What is a leader to you? For me, a leader is someone who you can trust to take control, and do so effectively. For most of us, the skills we associate with a leader center around three main aspects: commitment, communicative ability, and innovation. But which of these can you acquire through learning and training, and which are simply a matter of how fortunate you have been in the gene pool?
The characteristic basis for a good leader is informed by confidence and a positive attitude. But optimism is more than just waking up on the right side of the bed. A leader who views the glass as half empty is unlikely to consider that there may even be a need for the glass to be refilled. A leader on the lookout for a silver lining, on the other hand, will be inclined to shift relentlessly through every cloud, and may end up getting more work done just by the virtue of leaving no stones unturned. However, it is also important to be grounded and realistic. You need to realize if you are wasting your time pursuing goals that are, in the long run, likely to leave your resources exhausted for what might have been more attainable ends.
The most important thing, therefore, is to be aware. Being aware of your surroundings, your circumstances and the tools and resources available to you is essential. Once you can learn to take stock, an inclination to prioritize will follow; and with the right amount of hard work and honesty, these resonate in the wake of good results.
In other words, you must be ready, willing, and able.
And indeed, most studies surrounding the feasibility of learning leadership skills tell us this: there’s only so much you can bring to the table only through your inborn abilities. You may have an innate gift for leadership, but without the right tools and training, that ability remains unrefined and unpolished; only a shadow of what could have been.
One important idea to acquaint yourself with in this concern is that there will always be someone “better” than you. What is good is, to an extent, subjective, after all—as long as there are things about yourself that you don’t like (no matter whether these flaws are perceptible to anybody besides you), you will always find yourself wishing to be more like that Tom, that Dick, or that Harry who, in your opinion, is better at this or that. What ultimately happens when you let such thoughts foster is that your insecurities build upon each other until, a foundation for self-deprecation and self-sabotage is built. Recognizing this is key to building your confidence. How much you can believe in yourself rests almost entirely on a complete, accurate and unfettered evaluation of your own skill set. So look away from what Tom/Dick/Harry is busying himself with. And with confidence and awareness come a ready ability to commit.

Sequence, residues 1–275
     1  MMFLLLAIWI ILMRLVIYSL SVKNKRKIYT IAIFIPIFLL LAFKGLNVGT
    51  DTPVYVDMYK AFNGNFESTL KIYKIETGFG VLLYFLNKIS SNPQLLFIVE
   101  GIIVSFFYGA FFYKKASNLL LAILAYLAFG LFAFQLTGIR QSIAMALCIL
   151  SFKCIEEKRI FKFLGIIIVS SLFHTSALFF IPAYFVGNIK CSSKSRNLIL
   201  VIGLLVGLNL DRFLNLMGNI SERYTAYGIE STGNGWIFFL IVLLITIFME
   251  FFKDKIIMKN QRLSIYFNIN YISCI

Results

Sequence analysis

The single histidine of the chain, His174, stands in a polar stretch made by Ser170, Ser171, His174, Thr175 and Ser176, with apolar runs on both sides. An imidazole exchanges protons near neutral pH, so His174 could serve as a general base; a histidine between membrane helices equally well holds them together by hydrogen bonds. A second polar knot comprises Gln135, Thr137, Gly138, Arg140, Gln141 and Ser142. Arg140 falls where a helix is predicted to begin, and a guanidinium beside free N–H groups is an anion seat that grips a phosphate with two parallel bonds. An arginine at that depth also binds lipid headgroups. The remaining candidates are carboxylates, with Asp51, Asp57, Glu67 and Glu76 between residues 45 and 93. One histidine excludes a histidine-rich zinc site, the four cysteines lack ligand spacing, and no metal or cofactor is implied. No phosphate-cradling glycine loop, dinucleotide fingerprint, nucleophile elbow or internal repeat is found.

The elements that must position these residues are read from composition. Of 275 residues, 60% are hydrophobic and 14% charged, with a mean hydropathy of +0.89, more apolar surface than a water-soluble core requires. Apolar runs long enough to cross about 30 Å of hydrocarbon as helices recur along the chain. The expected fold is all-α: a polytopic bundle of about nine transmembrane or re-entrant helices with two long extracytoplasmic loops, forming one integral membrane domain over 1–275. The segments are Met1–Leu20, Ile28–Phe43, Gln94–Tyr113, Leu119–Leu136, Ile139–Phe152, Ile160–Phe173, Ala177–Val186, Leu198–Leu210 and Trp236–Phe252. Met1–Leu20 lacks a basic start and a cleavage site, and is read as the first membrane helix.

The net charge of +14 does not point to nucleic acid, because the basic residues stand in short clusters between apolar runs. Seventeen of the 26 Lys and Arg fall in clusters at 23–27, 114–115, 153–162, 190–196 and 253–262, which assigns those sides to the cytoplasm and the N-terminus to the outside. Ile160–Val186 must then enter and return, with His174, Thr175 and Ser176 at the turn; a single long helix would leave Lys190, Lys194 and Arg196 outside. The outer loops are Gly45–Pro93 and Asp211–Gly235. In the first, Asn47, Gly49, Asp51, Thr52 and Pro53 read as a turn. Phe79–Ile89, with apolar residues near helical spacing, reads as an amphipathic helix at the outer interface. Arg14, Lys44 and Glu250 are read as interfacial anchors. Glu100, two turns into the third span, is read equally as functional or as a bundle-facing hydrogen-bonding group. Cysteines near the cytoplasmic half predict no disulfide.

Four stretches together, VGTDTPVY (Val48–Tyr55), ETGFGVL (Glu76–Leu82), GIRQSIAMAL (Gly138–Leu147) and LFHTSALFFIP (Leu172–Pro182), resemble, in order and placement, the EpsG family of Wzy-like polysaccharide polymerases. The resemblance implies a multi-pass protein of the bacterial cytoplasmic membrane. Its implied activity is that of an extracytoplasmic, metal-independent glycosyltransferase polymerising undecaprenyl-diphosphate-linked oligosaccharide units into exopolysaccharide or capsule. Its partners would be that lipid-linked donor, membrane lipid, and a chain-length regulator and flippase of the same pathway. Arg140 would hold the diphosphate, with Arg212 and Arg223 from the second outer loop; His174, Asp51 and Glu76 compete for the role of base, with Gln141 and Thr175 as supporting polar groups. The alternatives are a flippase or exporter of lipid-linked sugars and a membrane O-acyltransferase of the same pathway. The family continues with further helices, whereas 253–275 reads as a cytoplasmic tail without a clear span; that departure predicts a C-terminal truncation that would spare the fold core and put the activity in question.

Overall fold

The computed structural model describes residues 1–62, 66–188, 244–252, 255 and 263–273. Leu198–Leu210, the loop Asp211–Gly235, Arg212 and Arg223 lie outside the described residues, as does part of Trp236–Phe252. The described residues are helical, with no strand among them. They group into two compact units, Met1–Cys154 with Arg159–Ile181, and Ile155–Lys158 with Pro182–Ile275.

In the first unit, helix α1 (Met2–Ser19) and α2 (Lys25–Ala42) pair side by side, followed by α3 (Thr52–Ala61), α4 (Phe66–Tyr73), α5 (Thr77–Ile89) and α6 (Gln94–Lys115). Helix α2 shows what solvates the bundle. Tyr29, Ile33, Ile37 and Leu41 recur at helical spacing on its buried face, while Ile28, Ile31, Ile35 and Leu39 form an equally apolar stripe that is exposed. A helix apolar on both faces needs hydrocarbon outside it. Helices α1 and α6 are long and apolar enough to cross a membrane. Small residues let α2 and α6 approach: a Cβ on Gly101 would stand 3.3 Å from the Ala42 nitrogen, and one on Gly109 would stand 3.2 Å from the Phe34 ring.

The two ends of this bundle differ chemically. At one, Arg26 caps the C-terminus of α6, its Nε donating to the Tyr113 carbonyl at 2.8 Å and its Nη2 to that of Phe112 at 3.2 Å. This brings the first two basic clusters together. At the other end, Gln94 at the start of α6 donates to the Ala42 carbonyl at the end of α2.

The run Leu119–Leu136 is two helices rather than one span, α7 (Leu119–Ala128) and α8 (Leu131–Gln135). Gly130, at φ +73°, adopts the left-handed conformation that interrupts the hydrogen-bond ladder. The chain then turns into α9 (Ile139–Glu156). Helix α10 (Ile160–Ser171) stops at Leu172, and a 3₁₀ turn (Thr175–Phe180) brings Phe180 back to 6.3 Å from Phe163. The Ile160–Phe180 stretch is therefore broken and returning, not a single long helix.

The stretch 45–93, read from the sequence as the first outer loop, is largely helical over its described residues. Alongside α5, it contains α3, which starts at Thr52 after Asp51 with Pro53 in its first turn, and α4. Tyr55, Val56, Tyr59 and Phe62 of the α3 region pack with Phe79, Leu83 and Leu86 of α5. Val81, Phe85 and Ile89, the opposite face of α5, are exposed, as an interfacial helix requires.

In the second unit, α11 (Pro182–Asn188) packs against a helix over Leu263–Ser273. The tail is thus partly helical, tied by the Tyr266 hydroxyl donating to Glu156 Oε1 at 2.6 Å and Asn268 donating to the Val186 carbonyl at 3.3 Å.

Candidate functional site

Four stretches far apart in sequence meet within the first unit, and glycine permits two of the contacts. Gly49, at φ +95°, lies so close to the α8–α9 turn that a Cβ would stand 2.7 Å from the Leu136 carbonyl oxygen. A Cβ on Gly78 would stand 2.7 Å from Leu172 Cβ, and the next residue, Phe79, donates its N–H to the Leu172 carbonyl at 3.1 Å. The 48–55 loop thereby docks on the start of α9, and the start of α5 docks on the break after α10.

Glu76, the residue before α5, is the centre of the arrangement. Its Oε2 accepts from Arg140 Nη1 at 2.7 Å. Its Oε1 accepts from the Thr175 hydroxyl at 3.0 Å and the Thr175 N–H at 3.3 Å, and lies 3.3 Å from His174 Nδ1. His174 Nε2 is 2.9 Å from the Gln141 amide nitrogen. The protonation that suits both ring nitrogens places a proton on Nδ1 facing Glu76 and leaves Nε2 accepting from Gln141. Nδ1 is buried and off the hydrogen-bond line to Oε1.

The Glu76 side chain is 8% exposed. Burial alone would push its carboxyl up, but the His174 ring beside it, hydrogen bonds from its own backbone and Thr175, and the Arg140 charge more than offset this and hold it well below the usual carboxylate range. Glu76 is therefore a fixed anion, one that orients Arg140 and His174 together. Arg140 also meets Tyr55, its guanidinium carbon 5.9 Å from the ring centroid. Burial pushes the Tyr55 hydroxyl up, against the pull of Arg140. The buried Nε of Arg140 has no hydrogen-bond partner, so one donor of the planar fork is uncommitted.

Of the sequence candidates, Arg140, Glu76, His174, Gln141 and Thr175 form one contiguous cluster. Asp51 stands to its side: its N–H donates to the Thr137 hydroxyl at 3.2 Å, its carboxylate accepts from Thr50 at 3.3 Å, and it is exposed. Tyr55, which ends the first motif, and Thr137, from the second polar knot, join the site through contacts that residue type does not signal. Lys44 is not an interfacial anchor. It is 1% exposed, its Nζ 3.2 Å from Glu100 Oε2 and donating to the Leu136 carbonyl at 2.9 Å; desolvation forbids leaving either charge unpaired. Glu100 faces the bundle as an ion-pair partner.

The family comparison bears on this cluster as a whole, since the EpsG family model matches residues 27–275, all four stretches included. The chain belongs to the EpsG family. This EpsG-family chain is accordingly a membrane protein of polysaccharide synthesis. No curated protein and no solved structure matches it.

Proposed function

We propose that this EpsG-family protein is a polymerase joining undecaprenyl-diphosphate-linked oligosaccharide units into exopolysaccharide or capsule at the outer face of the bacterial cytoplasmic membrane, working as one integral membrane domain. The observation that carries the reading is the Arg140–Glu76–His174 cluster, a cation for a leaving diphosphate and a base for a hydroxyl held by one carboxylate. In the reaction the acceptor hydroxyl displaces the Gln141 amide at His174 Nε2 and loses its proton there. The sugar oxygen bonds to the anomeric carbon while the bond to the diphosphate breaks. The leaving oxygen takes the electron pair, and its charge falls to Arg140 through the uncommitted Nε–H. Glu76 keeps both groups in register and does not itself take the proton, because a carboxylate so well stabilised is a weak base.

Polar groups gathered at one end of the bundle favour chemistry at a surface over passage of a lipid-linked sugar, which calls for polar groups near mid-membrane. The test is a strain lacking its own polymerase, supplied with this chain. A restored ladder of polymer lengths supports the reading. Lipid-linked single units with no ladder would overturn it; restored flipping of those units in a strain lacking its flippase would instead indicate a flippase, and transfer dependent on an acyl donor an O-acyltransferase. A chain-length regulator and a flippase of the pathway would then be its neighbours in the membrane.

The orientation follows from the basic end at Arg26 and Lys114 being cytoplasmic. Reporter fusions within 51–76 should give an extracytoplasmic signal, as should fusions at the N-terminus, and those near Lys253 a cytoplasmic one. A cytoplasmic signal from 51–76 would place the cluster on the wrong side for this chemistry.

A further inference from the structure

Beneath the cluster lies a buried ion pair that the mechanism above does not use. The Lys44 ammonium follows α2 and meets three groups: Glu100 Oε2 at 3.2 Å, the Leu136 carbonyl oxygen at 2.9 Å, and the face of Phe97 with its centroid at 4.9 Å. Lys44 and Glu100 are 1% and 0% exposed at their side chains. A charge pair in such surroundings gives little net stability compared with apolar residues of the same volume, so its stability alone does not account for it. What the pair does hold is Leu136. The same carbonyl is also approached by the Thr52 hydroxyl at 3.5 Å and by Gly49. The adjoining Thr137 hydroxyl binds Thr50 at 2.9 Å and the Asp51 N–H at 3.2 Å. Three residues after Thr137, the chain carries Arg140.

The University of Illinois defines leadership as “an individual influencing a group of people toward a common goal.” What follows from this is a demonstration of your communicative abilities. Just how good are you with people? Do you falter in the face of conversation with someone new, shy away from getting involved in an intellectually charged discussion or choose not to raise your hand to contribute an opinion in class? If you nodded your head “yes” to any of these questions, this is what you need to know: you don’t need to be anybody else but who you are. Be consistent in your character, and do so with conviction. The other person is just that—a person; we are all people just doing our best.
This is why two-way communication is imperative. Too often a gap in communication leads inevitably to a bad situation where educated guesses cannot be made due to a lack of information. It’s the same reason why, at a coffee shop, your order is yelled over to the employees in the background. You effectively have your order repeated back to you, and simultaneously, delegation has been achieved by your cashier.
It is important to realize that unless you put yourself out there, you will remain uninformed, and so will everybody else.
And finally, the secret ingredient: an open mind. When you come across an obstacle, what do you do? You either let it defeat you or you climb over it. The way to do this is to acknowledge that by its very nature the world offers us an interminable array of opportunities and alternatives. If you find yourself in a situation where your first thought is “I can’t,” start to think of ways to change your situation until the opposite happens. Acquiring knowledge is a lifelong journey. Don’t let yourself be restrained by what may appear to be unique difficulties: in reality, every obstacle you encounter is modeled on another. And with an open mind, you’re always aware of the possibility of defeat.
Finally, a leader does not remain boxed in by 7-point Forbes articles on how to be a millionaire… They go out and write their own article about it.
So go do your thing. Stay aware, put yourself out there, and always keep learning!